Why I Don’t Lucid Dream Every Night (And You Shouldn’t Either)


🌙 Written by Kai Riverstone, international lucid dreaming expert and teacher. Learn how to lucid dream in 7 days or less.

Lucid dreaming is an amazing thing, don’t get me wrong. I think however, that there’s a lot of people in the community today obsessed with the idea and the notion that they should be able to have lucid dreams every single night, forever. I think it’s a nice idea, but in practice, it’s not so simple…

You see, lucid dreaming is a subtle art and can’t be just conjured up at will, whenever you want. It takes time to learn the methods, and even more time to actually get a grasp on what you can and can’t do in a lucid dream. By wanting to lucid dream every night, you’re holding yourself back from what you might otherwise be able to do.. Let me explain:

The problem with lucid dreaming all the time

It’s not that it’s bad for you or dangerous, because it’s not really. There are no REAL dangers to lucid dreaming, not that we know of. It’s more that it defeats the point of the exercise entirely. Firstly, it’s very difficult to lucid dream as it is, let alone every single night. It’s not a realistic goal to have and even people who’ve been doing this for decades can’t lucid dream every night, reliably.

So there’s that, but also, it can be difficult to focus on your real waking life when all you’re thinking about is reality checks, dreams and lucid dreaming adventures. It can even make your waking life seem dull and lifeless in comparison and that’s never the goal for a true lucid dreamer.

A true lucid dreamer leads an amazing WAKING life and a great dream life. You don’t have to pick one over the other, and in fact when you live your best life in WAKING life, you’ll also have great lucid dreams as a side effect. I always find that I have intense lucid dreams when I’m travelling or if I’ve just done something incredible like a skydive or had a new experience.

There should never be too much focus on the lucid dreaming side of it because you’ll fall into the realm of people who use lucid dreaming for escapism too much. Now, escapism is a good thing as well in some situations, (for example in those who are in prison or unable to live their ideal life for whatever reason, like a disability etc) but for most people the focus should be on living an amazing, inspiring real life FIRST, and then having great lucid dreams SECOND.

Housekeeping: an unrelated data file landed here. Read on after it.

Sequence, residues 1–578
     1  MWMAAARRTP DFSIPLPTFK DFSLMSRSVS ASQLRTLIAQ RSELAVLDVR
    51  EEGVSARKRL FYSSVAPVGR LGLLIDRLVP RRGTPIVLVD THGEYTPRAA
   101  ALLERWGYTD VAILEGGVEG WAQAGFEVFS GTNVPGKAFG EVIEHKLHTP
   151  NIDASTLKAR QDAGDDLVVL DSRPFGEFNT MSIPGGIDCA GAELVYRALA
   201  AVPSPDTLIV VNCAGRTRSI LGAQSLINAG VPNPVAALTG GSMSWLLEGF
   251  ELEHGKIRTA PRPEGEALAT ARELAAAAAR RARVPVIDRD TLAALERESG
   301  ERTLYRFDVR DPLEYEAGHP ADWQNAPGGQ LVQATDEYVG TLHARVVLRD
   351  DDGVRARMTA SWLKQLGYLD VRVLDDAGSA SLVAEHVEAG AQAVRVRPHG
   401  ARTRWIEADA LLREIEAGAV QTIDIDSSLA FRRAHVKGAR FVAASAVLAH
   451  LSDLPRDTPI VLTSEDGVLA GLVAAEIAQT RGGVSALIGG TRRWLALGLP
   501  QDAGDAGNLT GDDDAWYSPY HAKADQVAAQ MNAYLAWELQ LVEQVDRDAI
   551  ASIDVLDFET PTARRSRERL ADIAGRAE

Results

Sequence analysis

This is of course just my opinion and I understand that not everyone will agree with this. I get a lot of emails from people saying things like ‘I just want to lucid dream so I can escape the hell of my school or home life’ and I get that. It can be very tempting to learn something like lucid dreaming just with the goal of being able to escape from a less than ideal real life, but the focus should always be on HOW to improve your waking life, and THEN on how to lucid dream.

So those are my thoughts on that side of things, but then there’s also the issue or idea that when you really do lucid dream (and not just have a vivid dream) you’ll be changed by it anyway, regardless of whether you have a lucid dream every night or every month…

One profound lucid dream can be enough

What I mean by this is that when you REALLY lucid dream and have that intense experience that we’re all craving, that will be enough for you. You’ll be thinking about it for WEEKS or even months after the fact, so there’s really no need to chase the elusive ‘lucid dream every night’ goal. It’s just not realistic, and to be honest, not needed!

I think in the lucid dreaming community we need to really manage our expectations with this stuff and make sure that we’re not just chasing a pointless goal. We need to think about what we’re really trying to achieve here. Lucid dreaming when done right can be a POWERFUL tool for transforming your life or even just experiencing things you’ve never experiencing before. When I had my string of nasty knee operations and wasn’t able to leave the house, I would use lucid dreaming then as an escape, simply because I couldn’t do anything else, and I think THAT is fine..

It’s when perfectly healthy and capable young people focus only on lucid dreaming and not on their real life that things become a problem. This trait is most often found in video gamers who like the escapism and maybe lack the skills or confidence needed to really turn their lives around, and that’s fine I get that..

I just think that people should focus on living their best life, AND having lucid dreams, not just one. 

A more realistic goal

So a more realistic goal might be to have one or two lucid dreams a month. This will give you time and space to relax, not beat yourself up about not being able to do it every night, and also (more importantly) time to reflect on the actual dreams you’re having! It’s very important to look at your lucid dreams and read them back to yourself, and relive them through your dream journal.

Not only will this help you spot patterns and dream signs but it will give you that motivation to keep going and to focus on what’s already working well for you. I hope this post hasn’t come across as too much of a rant but I think it needed to be said, seeing as the number of posts about ‘why can’t I lucid dream every night’ are on the rise again.

By the way if you’re struggling to even have your first lucid dream, I’d highly encourage you to check out my lucid dreaming course (Bootcamp) because it really can give you that boost and often gives people their first lucid dream within just a few days of trying the methods and learning what I have to show you.